In March of 2001, during "early bird" Season Pass Processing, progress was well underway, with the buildings all painted in the bright new yellow color scheme, and the upper bands of chasing lights partially refurbished and re-hung around the buildings.  

The seventh of the center free-standing games which had been located at the top end of the section had been removed, and its former location was prepared for the pouring of a new concrete slab.  At the other end, the octagonal Guess Your Weight booth was moved to the edge of the path, out of the middle of the games area.

The biggest changes involved the construction of two additional strips of games along the pathway to the Carousel.   The new area featured new textured concrete pavement in colorful patterns as well as an inlaid "Boardwalk" sign at the entry.

To round out the remodel, additional awnings were added around the free standing buildings and the new buildings, providing much needed protection from sun and weather.    

With the addition of more games the already stretched staffing meant that many games would sit closed except on peak attendance days. 
  Another drastic change came with the addition of Nathan's Famous Hot Dogs to the corner once occupied by Mustard's Last Stand.  The transformation included enclosing the former open air dining area and creating a climate controlled restaurant which would prove popular on hot days and cold days.

Some of the former games which had more or less been abandoned along the far side of the square were converted into a Virtual Stock Car Racing upcharge attraction.   The spot had been home to an arcade and a virtual reality gaming center in previous seasons, but the NASCAR style experience did little to entice park guests to spend money. 
  For 2002, the focus of the Boardwalk turned to food, with the expansion and enclosure of the Cheese Steak stand.   Over the early weeks of the season, work progressed with the framing and enclosure of the building to create another climate controlled dining facility.

In the adjoining strip that had once been filled with games, the space was converted into a food court, run by private contractors.  The new food court brought additional varieties of  food to the park like turkey legs, blooming onions, and Jamaican patties, plus additional outlets for fried food of all kinds.  

Rows of tables were placed just outside the roof overhang, creating a place for guests to sit and eat.  

By the end of spring, the new Ted's Cheesesteaks was open and ready to handle the summer crowds, offering a place to cool off and grab a bite.
  For the 2003 season, the Virtual Stock Car Racing was removed, and was replaced with an array of virtual reality games.   Increasingly more coin operated cranes and other games which required fewer human attendants were added, creating walls of machines where traditional games of skill once were.

Over time, the arsenal of attractions at the top of the section, drawing guests past the games has changed and evolved.   Many of the newest, tallest, fastest, most innovative and most eye catching attractions have been placed there, luring families past tempting prizes.       
Keeping current with the latest trends in characters and games has maintained the Boardwalk's popularity over time.   Generally whatever the latest trends are in pop culture are reflected in the prizes.  

The games are constantly updated as well, bringing new technology, and new twists on the traditional carnival games.    Where once games featured mechanical devices, they now feature more and more electronics.   Balloon races that featured popping rubber balloons are now represented with LEDs that show a player's progress.  Lo-tech pitches and ring tosses still exist, but seem dated in comparison to the newer games, and don't have the same kind of appeal to kids who were raised on video games and other electronics that they once did.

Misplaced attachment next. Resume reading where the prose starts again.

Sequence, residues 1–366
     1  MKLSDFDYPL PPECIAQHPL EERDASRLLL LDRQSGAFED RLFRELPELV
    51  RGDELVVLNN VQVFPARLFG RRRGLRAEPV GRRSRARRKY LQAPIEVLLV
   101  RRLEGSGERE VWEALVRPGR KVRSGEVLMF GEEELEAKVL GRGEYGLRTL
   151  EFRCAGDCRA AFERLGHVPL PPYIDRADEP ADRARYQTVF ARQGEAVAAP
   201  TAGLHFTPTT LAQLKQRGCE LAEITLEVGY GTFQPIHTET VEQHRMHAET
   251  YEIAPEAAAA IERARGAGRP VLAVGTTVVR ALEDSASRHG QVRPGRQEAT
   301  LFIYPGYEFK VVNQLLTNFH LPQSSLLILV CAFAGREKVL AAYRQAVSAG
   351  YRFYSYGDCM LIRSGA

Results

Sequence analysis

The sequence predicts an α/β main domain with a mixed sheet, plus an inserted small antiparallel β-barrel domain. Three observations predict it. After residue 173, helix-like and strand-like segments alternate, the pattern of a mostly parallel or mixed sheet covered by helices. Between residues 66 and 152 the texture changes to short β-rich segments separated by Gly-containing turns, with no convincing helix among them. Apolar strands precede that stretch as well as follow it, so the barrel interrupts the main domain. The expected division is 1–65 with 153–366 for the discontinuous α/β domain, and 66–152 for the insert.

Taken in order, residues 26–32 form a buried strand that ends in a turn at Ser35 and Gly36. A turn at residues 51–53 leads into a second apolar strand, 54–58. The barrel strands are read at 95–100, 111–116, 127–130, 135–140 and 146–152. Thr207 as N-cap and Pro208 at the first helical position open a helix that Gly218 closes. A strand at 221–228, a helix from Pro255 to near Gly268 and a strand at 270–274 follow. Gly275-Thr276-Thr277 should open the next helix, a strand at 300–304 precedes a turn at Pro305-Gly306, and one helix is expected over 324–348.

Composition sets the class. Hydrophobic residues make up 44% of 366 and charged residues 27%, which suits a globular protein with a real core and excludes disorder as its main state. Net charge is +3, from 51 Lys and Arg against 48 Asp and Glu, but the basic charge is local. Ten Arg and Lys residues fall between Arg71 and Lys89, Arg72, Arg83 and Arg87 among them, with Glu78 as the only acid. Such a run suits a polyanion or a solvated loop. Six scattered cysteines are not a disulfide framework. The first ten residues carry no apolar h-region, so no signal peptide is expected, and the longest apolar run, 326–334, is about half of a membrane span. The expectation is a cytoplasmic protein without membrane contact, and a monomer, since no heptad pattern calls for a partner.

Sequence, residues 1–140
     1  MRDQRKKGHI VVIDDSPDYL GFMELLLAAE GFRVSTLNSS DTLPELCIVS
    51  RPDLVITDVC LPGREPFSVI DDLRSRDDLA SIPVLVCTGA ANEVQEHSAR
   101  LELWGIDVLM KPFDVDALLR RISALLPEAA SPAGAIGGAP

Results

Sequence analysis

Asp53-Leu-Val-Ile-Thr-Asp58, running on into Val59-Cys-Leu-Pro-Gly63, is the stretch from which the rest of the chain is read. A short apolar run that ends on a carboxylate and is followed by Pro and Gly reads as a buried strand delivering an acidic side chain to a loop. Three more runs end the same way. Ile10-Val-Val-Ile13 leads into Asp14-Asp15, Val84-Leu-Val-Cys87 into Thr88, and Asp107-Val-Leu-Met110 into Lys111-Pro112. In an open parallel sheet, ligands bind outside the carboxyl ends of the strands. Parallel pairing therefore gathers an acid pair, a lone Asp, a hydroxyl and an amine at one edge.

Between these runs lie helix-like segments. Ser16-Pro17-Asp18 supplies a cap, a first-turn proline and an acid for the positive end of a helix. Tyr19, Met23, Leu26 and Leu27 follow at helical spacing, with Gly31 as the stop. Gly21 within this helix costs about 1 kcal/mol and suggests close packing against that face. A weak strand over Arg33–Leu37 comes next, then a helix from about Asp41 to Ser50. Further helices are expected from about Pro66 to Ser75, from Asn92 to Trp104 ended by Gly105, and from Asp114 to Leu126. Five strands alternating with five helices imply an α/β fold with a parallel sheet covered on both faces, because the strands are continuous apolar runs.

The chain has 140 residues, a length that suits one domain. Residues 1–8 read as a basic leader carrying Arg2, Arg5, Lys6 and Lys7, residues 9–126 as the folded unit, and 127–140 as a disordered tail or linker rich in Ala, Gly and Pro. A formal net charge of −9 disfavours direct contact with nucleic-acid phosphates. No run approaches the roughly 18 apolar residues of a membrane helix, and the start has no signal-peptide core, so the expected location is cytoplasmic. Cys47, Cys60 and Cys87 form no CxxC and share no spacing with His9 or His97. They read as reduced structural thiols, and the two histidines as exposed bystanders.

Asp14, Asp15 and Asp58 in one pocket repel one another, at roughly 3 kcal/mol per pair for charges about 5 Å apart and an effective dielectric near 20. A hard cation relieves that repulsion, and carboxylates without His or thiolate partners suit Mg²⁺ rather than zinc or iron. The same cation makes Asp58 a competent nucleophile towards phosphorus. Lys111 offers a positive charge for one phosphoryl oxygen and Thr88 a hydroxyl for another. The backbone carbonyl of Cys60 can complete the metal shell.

The bright lights and colors capture the eye, as the sounds of music and attendants do their best to draw the passing crowds.
Some of the games which used to sit unused with the roll-down doors shut for days or weeks at a time are used as displays of prizes, adding color and life to what could at times in the past have seemed like a ghost town.

With the opening of the pathway to the Golden Kingdom, additional foot traffic comes through the Boardwalk, and an additional game building has been added next to the Twister ride.

To help alleviate the staff shortages, particularly in the spring and fall, coin operated games have been brought in, and removed as staff levels ramp up for the season.  

  The Boardwalk section of the park truly offers the sights, sounds and smells of a boardwalk, with greasy fried food, a cacophony of sounds, and the bright lights and colors designed to catch the eye of passers by.  

By day, the vibrant colors of the Boardwalk are further enhanced with lush hanging baskets lining the columns.  By night, the section comes alive with the thousands of flashing bulbs lighting up the night.

The games of skill at the Four Tents end of the Boardwalk include a basketball game, a high-striker, and the relocated Guess Your Weight booth. 

A long time fixture of the area is the cotton candy stand, which over the years has been remodeled and expanded.   For the 2007 season, it became a Ben & Jerry's Ice Cream stand.

During Fright Fest the Boardwalk area transforms into Circus Psycho, home to side show acts befitting the Boardwalk theme.  The portals and other set pieces were created to match the colors of the Boardwalk buildings and were introduced in 2001 along with the makeover of the section.


 Go To The Official Six Flags Great Adventure Website For Current Park Information